Ice Cream
Creative Commons License photo credit: John McNab

Mimi Alford is coming forward to tell the world about her alleged affair with John F. Kennedy. Why now? With all of the stories that we are bombarded with by the media, why does Mimi feel the need to tell us her account of an 18-month affair 50 years after it happened?

Extramarital affairs have an adverse affect on friends, employers, colleagues, family, social life, etc. Often it breaks up marriages, changes history and makes lots of money for the media. John Edwards and Rielle Hunter, Jesse James and Michelle McGee, Tiger Woods and Jaimee Grubbs, J.F. Kennedy and Marilyn Monroe, Bill Clinton and Monica Lewinsky–all provide us with the continual focus that men and women stray.

We are bombarded by stupid decisions that sink ships, companies and now Camelot? Can anyone help me to understand the relevance of telling this story 50 years after it might have occurred? Does this come under my suggestion that we all “Stop The Stupid Stuff?”

Why do we need to hear the details of how she lost her virginity? Her willingness to participate in ‘servicing’ our country’s leaders and celebrity friends. Don’t we have enough reality in our lives? Don’t we have a statue of limitations? Do we really need to know the details of this unproven affair with one of our most beloved Presidents?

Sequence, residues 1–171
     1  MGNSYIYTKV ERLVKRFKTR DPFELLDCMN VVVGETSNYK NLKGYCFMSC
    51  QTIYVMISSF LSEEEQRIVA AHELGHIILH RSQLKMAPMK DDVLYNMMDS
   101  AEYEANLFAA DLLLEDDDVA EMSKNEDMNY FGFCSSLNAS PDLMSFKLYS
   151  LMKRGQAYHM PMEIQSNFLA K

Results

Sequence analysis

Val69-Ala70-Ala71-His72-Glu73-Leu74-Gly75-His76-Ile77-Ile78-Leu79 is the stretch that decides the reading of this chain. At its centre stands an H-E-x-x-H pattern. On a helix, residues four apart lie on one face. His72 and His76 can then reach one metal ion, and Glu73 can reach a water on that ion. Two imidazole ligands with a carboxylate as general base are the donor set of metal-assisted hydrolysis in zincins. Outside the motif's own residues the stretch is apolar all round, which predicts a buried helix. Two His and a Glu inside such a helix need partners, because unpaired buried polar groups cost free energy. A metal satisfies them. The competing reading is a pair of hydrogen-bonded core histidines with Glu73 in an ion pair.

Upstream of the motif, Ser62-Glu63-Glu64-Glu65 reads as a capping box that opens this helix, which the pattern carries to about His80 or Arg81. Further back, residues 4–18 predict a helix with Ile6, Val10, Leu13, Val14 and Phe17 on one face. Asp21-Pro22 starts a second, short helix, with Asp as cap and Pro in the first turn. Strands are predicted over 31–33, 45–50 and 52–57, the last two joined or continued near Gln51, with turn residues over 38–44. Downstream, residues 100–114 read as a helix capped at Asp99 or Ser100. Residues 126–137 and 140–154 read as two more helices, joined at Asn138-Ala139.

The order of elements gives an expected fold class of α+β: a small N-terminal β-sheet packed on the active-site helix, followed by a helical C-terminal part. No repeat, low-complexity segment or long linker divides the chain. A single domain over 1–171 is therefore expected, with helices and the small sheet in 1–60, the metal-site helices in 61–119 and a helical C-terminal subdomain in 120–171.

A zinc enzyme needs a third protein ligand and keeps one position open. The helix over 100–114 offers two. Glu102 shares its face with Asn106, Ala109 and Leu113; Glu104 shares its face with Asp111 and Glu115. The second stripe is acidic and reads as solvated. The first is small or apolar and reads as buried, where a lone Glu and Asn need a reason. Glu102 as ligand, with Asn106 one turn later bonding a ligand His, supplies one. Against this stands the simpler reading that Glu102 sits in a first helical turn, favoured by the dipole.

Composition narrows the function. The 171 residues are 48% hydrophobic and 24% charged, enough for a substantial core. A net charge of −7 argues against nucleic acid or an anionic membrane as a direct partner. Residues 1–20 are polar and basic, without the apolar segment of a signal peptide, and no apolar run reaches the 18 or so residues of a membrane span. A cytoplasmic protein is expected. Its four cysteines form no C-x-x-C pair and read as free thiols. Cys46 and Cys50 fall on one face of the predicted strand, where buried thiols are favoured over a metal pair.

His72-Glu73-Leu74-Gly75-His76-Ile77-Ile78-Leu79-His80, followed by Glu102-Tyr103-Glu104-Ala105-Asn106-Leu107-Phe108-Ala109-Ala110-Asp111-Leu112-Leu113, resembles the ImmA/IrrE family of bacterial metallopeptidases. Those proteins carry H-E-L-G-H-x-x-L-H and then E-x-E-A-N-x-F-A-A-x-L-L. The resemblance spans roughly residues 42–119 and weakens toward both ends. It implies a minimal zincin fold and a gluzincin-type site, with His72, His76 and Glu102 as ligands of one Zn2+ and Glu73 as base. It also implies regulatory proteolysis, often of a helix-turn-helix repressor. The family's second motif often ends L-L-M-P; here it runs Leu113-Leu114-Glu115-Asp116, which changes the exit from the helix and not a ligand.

Random House is the perfect publisher. Mimi’s acts were random enough that her recounts of the frequency, deception and lascivious behavior will make tabloids hunger for all the sordid details. Too bad cell phones with cameras were not available to record more of the details. No one is alive to defend ore rebuke her claim. So do we simply accept it or ignore it? And to me, why do we care? What is the benefit to society to evaluate these allegations?

For me, I don’t care that a 19 year old recounts something that happened 50 years ago. There is no way to separate the facts from the fiction. Too much attention, effort and distraction are being offered to Mimi for being what could be called poor decisions. She was seduced by charisma, power and good looks. Wow…that’s news!

What is to be gained by this regurgitation? I am not surprised that one of our heroes was flawed. We have heard these stories only to learn that almost all of our heroes are flawed. I am more upset that she will prosper from her “naive, innocent, and emotionally unprepared thrill…”

I want to remember the President that successfully handled the Cuban Missile Crisis, Bay of Pigs and the space race. And I can accept that.

I don’t want to remember JFK as the “Vice” President.